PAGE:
|Are you getting no video at any time, or just no video after Windows starts to load?|
If you DO get video until Windows starts to load....
When you have a hard drive that has had XP installed on it when it was connected to one mboard, then move it and try to boot XP when it is connected to another mboard, if the hardware on the mboard is more than a liittle different from the other mboard, XP will not load all the way - that's perfectly normal. Typically you get video while booting until XP starts to load, you see the first bit of Windows graphics, then a black screen with a blinking cursor top left, and nothing further happens. You can fix that by running a Repair installation of Windows, by booting with the XP CD and choosing the SECOND Repair choice - you personal data you have added to the partition Windows is on will not be deleted.
If you're getting no video at any time.....
You haven't mentioned your power supply.
If the hard drive has Windows on it and you're booting from it, if it's led is not blinking like it normally does while booting the computer (if you normally have to Login it will stop blinking shortly after that point) , the most probable thing is the power supply is failing and because of that the mboard cannot fully boot and you don't get video when that happens.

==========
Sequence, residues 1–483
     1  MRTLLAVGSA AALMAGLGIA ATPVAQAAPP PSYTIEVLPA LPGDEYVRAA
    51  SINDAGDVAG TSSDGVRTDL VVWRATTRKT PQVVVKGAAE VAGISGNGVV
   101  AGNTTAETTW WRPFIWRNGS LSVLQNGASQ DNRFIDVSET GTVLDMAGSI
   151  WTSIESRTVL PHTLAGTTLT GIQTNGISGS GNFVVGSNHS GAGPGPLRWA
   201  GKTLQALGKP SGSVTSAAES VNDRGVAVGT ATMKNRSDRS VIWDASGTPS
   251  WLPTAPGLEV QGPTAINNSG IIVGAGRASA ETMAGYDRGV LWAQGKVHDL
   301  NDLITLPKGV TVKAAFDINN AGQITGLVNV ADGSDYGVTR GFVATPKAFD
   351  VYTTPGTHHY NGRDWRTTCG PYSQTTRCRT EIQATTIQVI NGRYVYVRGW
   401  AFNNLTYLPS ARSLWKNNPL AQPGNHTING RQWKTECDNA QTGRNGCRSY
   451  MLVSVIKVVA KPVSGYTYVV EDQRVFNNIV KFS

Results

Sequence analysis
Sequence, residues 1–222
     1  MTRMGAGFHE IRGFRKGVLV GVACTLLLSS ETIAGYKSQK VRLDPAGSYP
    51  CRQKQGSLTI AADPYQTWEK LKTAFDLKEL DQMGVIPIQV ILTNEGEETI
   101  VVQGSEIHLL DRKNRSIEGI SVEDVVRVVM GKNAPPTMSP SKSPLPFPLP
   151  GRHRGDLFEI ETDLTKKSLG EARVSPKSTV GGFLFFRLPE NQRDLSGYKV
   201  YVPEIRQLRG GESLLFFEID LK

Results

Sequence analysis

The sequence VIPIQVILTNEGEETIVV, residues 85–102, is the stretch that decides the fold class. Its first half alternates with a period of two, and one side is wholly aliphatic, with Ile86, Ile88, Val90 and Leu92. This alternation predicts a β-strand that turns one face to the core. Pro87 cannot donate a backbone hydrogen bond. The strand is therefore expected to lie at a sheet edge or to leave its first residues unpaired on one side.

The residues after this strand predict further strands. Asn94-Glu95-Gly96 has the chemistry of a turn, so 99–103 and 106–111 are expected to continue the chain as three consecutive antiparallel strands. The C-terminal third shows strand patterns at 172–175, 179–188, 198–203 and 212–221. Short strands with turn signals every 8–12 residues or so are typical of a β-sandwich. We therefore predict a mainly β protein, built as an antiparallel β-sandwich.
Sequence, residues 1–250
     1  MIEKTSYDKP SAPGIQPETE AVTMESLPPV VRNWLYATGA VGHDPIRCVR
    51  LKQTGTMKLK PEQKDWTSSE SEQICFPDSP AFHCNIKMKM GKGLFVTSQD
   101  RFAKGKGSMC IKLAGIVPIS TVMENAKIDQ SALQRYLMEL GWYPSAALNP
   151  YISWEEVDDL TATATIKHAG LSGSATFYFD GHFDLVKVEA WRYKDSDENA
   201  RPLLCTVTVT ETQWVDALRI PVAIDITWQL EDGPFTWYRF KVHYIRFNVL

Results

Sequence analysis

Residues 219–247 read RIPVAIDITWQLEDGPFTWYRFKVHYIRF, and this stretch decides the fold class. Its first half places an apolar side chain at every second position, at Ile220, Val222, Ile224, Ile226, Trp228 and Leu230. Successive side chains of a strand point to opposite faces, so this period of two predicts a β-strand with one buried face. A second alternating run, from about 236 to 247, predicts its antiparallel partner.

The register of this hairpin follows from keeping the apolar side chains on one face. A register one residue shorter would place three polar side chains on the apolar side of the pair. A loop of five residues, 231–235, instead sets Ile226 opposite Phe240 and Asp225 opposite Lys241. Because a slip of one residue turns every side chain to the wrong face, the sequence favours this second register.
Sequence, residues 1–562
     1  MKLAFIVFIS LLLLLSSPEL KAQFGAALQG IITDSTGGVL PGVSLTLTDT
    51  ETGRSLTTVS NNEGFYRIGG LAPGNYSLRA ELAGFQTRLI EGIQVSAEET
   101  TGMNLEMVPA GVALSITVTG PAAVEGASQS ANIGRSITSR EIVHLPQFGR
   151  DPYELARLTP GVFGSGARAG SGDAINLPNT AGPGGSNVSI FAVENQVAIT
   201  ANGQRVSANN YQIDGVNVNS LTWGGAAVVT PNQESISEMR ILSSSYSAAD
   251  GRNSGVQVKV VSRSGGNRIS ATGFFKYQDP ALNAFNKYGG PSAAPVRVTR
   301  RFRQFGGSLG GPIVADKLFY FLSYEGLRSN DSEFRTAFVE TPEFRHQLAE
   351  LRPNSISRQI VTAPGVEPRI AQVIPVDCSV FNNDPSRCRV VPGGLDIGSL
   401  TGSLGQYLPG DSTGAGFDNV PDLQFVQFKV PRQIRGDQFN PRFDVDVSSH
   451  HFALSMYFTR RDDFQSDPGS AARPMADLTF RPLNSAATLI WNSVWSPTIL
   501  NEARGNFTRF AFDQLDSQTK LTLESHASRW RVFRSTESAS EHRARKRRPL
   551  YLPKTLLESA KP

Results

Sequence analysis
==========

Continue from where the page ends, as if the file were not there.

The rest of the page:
If the hard drive led IS blinking normally...
E.g. Some recent mboards will not produce video from a card in a PCI-E slot by default because they DO NOT disable the onboard video when a video card is installed. You have to connect a monitor to the onboard video and change settings in the bios Setup.
Most mboard bioses beep once while booting the computer early in the boot when the POST completes successfully - are you hearing that? (A speaker or other sound device must be connected to the mboard, or on some mboards they don't have the pins for that and in that case your amplified speakers must be on and plugged into the correct port - green for a single pair). If you aren't hearing one beep, since you've tried two mboards, it's likely the power supply is dying.
Failing power supplies are common and can cause your symptoms.
Check your PS.
They often partially work, fans and hard drives may spin, leds may come on, yet you may get no video and the mboard will not boot all the way.
See response 4 in this:
If it is failing, you can usually replace it with any decent standard sized standard ATX PS with the same capacity or greater.
Standard (PS/2) power supply size - 86mm high, 150mm wide, 140mm deep, or 3 3/8" h x 5 7/8" w x 5 1/2" d , or very close to that, though the depth can be more or less for some PSs.
Don't buy an el-cheapo PS.
See response 3 in this:
Your power supply must have at least the minimum capacity required to support a system with the graphics card you are using installed, or the max graphics card you might install in the future.
(Onboard video - video built into the mboard - IS NOT A CARD!)